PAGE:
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BW Businessworld

Men Of Substance

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It’s a business dictum that when uncertainty is high, you don’t dig big holes. Companies in two industries that may be in big holes just now are telecom and power. So one has to wonder: does it make strategic sense for the promoters of Sun Pharmaceuticals, the largest drug company by market capitalisation to diversify into those sectors?

On October 26,  Sudhir V Valia, the brother-in-law of Dilip Shanghvi, managing director and founder of Sun Pharma, hit the headlines by entering into a joint venture with Norwegian telecom firm Telenor; Valia’s Lakshdeep Investments & Finance will be Telenor’s partner in their new venture Telewings Communications, which will participate in the forthcoming 2G spectrum auction.

Lakshdeep Investments & Finance holds just over one per cent of Sun Pharma. Media reports cited InGovern Research Services, a consultancy firm that advises investors on corporate governance and proxy voting, as saying that Lakshdeep’s 26 per cent equity in the Telenor joint venture is in the range of Rs 2,000 to Rs 2,500 crore. The firm’s current funding sources amount to Rs 1000- Rs 1200 crore; the balance will have to be loans, Ingovern adds.

Earlier this month, Sun Pharma’s board approved a resolution that would allow the company to raise Rs 8,000 crore in loans; the firm also has about Rs 6,000 crore in cash and cash equivalents on its books. So there has been speculation among industry observers that this could be used to part-finance the telecom business.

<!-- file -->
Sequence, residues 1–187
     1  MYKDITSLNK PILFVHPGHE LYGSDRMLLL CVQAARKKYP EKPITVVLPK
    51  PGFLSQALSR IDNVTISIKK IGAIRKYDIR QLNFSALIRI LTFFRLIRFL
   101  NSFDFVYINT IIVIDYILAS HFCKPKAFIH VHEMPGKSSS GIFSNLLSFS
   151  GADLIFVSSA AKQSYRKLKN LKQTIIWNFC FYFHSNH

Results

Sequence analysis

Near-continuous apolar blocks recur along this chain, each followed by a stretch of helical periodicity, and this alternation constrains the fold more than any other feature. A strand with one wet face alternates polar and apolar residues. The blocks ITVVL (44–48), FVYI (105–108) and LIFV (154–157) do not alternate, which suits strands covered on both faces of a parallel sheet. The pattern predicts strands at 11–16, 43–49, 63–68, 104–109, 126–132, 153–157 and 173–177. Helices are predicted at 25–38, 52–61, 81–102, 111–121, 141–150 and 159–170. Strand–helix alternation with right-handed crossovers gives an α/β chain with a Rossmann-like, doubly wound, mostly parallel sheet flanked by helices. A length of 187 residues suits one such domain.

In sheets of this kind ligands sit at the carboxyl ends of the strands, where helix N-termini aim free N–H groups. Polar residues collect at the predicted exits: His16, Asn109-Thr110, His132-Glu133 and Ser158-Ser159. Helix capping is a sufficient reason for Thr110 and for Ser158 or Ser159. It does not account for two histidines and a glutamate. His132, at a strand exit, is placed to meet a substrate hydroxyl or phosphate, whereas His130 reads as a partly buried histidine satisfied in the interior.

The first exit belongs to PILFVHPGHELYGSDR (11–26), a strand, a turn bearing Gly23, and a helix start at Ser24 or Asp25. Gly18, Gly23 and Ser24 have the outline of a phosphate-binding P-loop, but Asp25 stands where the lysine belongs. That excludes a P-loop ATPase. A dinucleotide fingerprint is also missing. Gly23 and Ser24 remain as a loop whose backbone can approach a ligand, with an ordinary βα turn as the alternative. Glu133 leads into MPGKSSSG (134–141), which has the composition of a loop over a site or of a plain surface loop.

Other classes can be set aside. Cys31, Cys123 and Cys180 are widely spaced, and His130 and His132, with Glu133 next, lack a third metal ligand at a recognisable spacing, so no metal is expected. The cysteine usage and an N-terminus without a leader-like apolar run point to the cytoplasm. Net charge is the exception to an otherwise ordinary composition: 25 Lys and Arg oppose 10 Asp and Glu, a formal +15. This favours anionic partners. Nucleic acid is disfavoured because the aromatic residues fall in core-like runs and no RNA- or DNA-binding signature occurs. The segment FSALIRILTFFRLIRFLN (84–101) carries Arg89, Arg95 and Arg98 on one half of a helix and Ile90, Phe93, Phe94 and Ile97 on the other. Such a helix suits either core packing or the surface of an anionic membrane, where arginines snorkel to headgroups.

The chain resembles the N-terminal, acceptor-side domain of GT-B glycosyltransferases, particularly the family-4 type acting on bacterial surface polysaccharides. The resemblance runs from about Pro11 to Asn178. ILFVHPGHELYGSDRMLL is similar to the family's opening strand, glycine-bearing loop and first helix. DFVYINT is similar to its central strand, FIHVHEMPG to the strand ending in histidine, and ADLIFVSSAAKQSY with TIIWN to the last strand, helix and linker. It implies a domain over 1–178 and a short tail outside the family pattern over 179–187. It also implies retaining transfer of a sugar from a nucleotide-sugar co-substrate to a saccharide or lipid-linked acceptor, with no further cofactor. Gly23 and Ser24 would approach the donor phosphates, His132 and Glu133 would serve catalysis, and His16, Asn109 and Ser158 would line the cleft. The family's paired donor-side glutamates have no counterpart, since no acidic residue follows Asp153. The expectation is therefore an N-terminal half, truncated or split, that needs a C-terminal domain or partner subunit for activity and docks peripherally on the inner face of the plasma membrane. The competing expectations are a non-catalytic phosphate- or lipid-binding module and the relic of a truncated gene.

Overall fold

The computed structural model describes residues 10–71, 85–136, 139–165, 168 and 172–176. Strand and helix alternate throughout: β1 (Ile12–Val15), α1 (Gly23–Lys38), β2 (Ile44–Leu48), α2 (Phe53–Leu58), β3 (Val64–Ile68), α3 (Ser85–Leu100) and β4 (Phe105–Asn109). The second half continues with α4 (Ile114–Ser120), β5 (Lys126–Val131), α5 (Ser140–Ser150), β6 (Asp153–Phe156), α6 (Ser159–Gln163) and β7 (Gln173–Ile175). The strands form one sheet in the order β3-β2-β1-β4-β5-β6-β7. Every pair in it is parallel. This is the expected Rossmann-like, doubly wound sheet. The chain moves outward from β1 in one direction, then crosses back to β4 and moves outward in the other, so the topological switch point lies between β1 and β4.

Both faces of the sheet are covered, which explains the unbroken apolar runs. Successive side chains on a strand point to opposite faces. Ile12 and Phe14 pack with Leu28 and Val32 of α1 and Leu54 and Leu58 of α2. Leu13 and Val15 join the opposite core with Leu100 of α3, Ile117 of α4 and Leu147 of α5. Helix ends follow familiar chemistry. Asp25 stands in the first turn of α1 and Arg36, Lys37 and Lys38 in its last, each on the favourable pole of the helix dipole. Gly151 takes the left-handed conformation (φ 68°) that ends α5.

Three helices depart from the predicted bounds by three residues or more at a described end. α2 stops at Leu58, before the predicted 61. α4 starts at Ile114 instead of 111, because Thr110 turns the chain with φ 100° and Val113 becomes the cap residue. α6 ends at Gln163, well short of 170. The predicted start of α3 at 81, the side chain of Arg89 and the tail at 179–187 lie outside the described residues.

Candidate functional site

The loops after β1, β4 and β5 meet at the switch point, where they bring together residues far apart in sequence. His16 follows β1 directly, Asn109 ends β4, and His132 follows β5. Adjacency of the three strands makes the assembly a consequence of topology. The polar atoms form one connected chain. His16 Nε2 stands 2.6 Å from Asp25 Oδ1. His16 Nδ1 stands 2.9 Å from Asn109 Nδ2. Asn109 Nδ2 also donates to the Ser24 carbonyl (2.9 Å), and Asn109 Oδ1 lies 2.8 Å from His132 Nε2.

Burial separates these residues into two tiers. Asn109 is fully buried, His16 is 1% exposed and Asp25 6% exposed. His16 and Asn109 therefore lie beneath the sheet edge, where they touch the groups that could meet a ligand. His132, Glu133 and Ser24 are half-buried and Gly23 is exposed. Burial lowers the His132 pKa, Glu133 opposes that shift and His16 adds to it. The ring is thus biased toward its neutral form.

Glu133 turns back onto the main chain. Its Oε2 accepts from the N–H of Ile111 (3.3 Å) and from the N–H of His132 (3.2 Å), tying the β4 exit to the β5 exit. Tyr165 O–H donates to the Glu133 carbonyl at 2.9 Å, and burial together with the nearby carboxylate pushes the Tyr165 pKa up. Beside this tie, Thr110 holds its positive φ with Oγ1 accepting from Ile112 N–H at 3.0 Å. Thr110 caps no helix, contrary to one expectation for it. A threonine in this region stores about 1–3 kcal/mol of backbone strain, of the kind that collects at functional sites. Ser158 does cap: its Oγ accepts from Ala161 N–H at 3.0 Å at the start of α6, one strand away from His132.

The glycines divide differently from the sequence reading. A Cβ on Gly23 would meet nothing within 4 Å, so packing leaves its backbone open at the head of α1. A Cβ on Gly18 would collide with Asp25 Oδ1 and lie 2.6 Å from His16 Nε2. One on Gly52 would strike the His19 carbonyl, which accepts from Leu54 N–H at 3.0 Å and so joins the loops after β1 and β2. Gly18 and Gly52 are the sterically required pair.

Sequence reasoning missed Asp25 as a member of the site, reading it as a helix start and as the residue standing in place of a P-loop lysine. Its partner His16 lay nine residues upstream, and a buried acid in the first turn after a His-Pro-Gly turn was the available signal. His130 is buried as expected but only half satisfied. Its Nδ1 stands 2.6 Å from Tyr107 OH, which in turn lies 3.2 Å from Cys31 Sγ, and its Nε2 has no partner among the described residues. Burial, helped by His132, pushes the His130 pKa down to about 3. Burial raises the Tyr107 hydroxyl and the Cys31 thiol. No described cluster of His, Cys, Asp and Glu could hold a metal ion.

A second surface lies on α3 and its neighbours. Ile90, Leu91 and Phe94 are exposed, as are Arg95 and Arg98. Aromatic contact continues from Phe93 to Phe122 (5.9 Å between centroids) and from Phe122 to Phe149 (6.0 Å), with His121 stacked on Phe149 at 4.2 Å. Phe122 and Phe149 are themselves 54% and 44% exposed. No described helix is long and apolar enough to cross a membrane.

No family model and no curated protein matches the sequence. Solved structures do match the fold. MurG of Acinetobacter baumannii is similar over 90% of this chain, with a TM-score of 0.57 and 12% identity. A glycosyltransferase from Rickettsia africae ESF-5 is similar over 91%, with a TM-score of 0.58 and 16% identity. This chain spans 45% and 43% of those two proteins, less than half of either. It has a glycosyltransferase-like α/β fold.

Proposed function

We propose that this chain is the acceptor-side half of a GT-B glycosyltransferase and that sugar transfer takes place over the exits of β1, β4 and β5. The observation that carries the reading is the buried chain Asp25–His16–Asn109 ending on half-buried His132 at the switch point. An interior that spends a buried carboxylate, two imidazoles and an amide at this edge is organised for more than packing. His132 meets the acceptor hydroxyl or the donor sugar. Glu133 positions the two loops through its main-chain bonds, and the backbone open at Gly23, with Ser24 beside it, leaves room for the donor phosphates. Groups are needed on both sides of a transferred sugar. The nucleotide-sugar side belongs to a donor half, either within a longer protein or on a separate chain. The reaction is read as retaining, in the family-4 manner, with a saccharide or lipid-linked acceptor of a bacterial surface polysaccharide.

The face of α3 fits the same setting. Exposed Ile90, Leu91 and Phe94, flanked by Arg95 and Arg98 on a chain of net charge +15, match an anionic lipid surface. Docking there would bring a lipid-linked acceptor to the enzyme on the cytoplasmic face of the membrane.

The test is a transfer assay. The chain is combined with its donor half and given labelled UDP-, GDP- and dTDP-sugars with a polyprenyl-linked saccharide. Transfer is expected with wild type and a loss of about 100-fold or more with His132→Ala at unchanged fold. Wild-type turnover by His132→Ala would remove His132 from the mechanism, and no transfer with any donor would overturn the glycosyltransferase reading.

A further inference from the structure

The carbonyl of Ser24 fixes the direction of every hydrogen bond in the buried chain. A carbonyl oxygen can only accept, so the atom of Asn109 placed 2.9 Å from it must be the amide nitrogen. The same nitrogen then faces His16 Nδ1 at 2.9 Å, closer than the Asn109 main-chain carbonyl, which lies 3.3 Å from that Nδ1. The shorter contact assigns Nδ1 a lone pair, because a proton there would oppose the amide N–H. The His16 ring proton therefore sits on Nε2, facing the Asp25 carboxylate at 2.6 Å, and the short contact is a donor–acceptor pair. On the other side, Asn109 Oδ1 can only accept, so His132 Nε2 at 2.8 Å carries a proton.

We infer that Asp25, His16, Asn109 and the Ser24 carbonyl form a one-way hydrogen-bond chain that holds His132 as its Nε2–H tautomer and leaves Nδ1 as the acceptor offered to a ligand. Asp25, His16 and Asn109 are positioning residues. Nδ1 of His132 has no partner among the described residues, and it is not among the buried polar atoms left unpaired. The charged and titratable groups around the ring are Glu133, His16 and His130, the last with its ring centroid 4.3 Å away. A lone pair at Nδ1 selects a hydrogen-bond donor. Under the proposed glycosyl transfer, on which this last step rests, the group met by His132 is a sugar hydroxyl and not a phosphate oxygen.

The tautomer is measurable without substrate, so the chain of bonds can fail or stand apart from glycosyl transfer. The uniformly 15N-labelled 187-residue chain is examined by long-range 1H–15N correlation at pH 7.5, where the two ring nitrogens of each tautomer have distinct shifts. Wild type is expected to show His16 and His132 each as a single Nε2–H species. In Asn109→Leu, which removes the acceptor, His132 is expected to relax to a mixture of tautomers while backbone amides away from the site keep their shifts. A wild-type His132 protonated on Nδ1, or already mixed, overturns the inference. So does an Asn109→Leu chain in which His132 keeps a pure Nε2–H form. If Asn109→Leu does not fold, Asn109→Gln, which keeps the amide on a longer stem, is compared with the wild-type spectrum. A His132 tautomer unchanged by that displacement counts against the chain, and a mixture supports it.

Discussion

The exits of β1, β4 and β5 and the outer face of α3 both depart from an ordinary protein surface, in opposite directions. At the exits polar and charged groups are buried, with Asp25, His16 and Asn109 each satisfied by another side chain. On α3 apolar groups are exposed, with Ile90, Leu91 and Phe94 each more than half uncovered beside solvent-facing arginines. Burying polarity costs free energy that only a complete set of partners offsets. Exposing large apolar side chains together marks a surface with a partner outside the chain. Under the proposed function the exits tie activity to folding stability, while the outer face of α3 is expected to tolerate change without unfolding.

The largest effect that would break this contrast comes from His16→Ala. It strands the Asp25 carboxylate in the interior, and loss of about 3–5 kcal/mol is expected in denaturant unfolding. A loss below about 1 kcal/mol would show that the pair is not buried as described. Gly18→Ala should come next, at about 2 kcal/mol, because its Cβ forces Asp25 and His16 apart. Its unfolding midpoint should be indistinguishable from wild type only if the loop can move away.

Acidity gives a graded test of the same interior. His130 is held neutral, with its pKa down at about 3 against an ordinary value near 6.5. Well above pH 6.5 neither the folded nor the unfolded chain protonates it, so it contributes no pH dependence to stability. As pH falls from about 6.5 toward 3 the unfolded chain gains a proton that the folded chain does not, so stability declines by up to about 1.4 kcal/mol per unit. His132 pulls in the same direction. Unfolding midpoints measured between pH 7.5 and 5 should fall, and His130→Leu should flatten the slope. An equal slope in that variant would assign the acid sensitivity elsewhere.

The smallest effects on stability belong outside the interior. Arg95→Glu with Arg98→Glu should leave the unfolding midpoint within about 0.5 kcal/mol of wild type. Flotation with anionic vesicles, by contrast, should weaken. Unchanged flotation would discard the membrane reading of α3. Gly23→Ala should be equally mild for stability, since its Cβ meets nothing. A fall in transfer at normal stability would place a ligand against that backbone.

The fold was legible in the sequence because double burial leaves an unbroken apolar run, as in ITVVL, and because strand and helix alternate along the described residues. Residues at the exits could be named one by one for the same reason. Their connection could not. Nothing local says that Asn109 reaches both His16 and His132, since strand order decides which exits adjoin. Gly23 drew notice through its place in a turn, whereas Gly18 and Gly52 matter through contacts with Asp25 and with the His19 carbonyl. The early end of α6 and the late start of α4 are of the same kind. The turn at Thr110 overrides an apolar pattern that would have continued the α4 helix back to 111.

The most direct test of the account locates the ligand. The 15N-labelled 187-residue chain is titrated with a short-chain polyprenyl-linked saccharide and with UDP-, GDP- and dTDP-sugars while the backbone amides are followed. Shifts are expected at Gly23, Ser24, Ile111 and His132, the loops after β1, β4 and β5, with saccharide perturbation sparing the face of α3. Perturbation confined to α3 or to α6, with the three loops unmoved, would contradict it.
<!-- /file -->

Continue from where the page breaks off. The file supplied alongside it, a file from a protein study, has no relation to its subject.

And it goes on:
But Sun Pharma denies the move. "We don't have any plans to fund Lakshdweep Investments,” says a company spokesman. “The resolution passed by the board was an enabling resolution; we will be seeking shareholder approval to raise the money.”

"This is baseless speculation, and at this point of time even I do not know how much assets we (Telewings) are going to get in the auction (2G spectrum),” says Valia. “We have to wait till the auction to decide how much I will have to invest." He says that he has various funding options available in his personal capacity to complete the deal.

In fact, both the telecom and power generation ventures – more on that later – are personal investments of Shanghvi (he is worth $9 billion, according to Forbes magazine) and Valia, not part of the company.

Is it possible that these moves were in the offing for quite some time? A few months ago, in May this year, Dilip Shanghvi stepped down as chairman of the company in May paving way for Israel Markov, the former CEO of Teva Pharma to become chairman. Valia also stepped down as chief financial officer (CFO) to make way for Uday Baldota, another long-serving Sun Pharma executive.

Readers may recall that a year ago, Shanghvi made the surprising announcement that he was setting up a power generating business with a 2,600 MW plant in Andhra Pradesh. He also then picked Valia to spearhead that venture, Alpha Infra Projects.

But since that time, the scenario has changed somewhat. "We have the various clearances in place and are waiting for coal linkages and other problems related to the thermal power segment of the sector to settle down to launch this project," says Valia.

Will there be other such investments? Valia doesn’t duck the question. “We are looking at good opportunities (to invest) and that may take time,” he says. But for Shanghvi, Sun Pharma will continue to be the center of his solar system.